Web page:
We’re still trying to raise the last few thousand dollars we need to pay for music rights and the final audio mix to finish the film. I’m writing to ask you to make a donation that will help us complete this important film.
You can make a tax-deductible contribution online from that page or you can make a non-tax deductible donation by sending a check made out to the film’s Executive Producer, Kim Klausner, at 1541 Alabama Street, San Francisco, CA 94110.
All donations — $5, $25, $100, $500 or whatever — will help. Feel free to forward this email to people who might be interested in supporting this project.
Bea Arthur died today. We shared a birthday, and we shared being the butt of jokes about masculine women and women with facial hair and women who prefer comfortable shoes, but she did that on the national stage, and for many, many, many years, with grace and humor.
Lady Godiva was a freedom rider / She didn’t’ care if the whole world looked.
Joan of Arc with the Lord to guide her / She was a sister who really cooked.
Isadora was the first bra burner / And you’re glad she showed up. (Oh yeah)
And when the country was falling apart / Betsy Ross got it all sewed up.
She was, most famously, Maude, which by my accounting is one of the funniest shows that was ever on television, – and it was about a feminist! – followed closely by The Golden Girls, where she played Dorothy.
From me to them:
God Bless all of you for stepping up and speaking with such love about your kid sister. We can only hope that your sister’s death will help the rest of us keep educating people so that other teenagers like her won’t die the way she did.
I don’t read/speak Spanish myself, but was sent this by someone who does:
Surprising campaign, under the auspices of the (Chilean goverment’s) Division of Social Organizations (they provide grants and help to NGO’s) and the communications division of the Metro in Santiago (2,000,000 riders a day).Â The posters appeared at all the metro stations and their design is very good; one can see a full size version from the last link. It was produced by a transmen’s org but displays very balanced info about MTF and FTM treatment and most of all about the difficulties and discriminations associated to being trans, pointing out that this is not a choice but an inborn condition.Â Trans orgs there are also in conversations with the government’s civil registry to be able to get national ID cards with the appropriate gender marker without having to certify surgeries (as in Spain).
(Apparently trans guys who speak Spanish are as cool as they’re English-speaking counterparts.)
We had a great time in Milwaukee this past weekend: a gathering of LGBT people on Saturday night, a sex workshop at The Tool Shed on Sunday, and then a workshop on gender variance Monday afternoon followed by a 7PM lecture about queer heterosexuals.
I did meet a bunch of people who asked me about various resources I mentioned in passing, so here goes:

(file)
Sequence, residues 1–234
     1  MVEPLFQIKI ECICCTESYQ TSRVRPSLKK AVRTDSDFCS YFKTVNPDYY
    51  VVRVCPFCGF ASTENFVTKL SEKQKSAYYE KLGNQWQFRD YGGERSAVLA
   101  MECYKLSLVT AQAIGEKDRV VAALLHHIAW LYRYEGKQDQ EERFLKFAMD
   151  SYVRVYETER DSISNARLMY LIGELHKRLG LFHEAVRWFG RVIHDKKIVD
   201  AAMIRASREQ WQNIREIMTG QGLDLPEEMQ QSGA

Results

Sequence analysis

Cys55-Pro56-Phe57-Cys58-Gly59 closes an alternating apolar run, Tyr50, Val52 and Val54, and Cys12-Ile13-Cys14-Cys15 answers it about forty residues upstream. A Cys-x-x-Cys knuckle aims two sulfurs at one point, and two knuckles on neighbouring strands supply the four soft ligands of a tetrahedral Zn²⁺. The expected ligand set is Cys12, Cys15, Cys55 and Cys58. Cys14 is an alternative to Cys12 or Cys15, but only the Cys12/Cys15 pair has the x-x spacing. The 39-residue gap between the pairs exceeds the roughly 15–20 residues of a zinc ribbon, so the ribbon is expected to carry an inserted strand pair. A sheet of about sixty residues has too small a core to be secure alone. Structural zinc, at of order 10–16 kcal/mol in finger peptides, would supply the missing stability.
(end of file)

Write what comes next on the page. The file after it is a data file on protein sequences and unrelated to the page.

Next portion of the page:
My friend Peter used to make me mixed tapes that had really interesting juxtapositions – so interesting that some of them I’ve remembered them for a long while. I actually don’t know if these two were next to each other, but that’s my story & I’m sticking to it.
Donovan’s “There Is a Mountain” (which Heidi tells me is a Buddhist proverb, too)
Bowie’s “Queen Bitch”(which you may know from the Milk ads)
I admit that this article really weirded me out, not becuase it’s a surprise that the medical commuity has failed to understand or diagnose Ausperger’s in girls particularly because their symptoms present differently (as the same for true for many years for women & heart disease, for example) but because her description of the way Ausperger’s presents in females is a little too close to the bone for me. I’ve already come out as an introvert, after all.
Girls slip through the diagnostic net, said Attwood, because they are so good at camouflaging or masking their symptoms. “Boys tend to externalise their problems, while girls learn that, if they’re good, their differences will not be noticed,” he said. “Boys go into attack mode when frustrated, while girls suffer in silence and become passive-aggressive. Girls learn to appease and apologise. They learn to observe people from a distance and imitate them. It is only if you look closely and ask the right questions, you see the terror in their eyes and see that their reactions are a learnt script.”
Girls also escape diagnosis, said Attwood, because they are more social than boys with the condition. Their symptoms can also be missed because it is the intensity of their interests that is unusual, and not the oddity of what they do.
“The impairments to their social life or interests tend not to stand out in the same way as boys’ do,” he said. “They might have one friend, while boys with the condition won’t have any. Also, boys hyperfocus on facts and certain interests, such as trains or weather. Girls escape into fiction. They have imaginary friends, live in another world with fairies and witches, obsessively watch soap operas or become intensely interested in celebrities.”
Hrm. The boldfaced bits pretty much describe my childhood & teenaged years in a nutshell. Frightening.
Some days I just want to apologize to all the trans people who I ardently needed to talk to about bathrooms when I was working this stuff out, so let me: sorry, all of you, and thank you for educating me when it wasn’t your responsibility.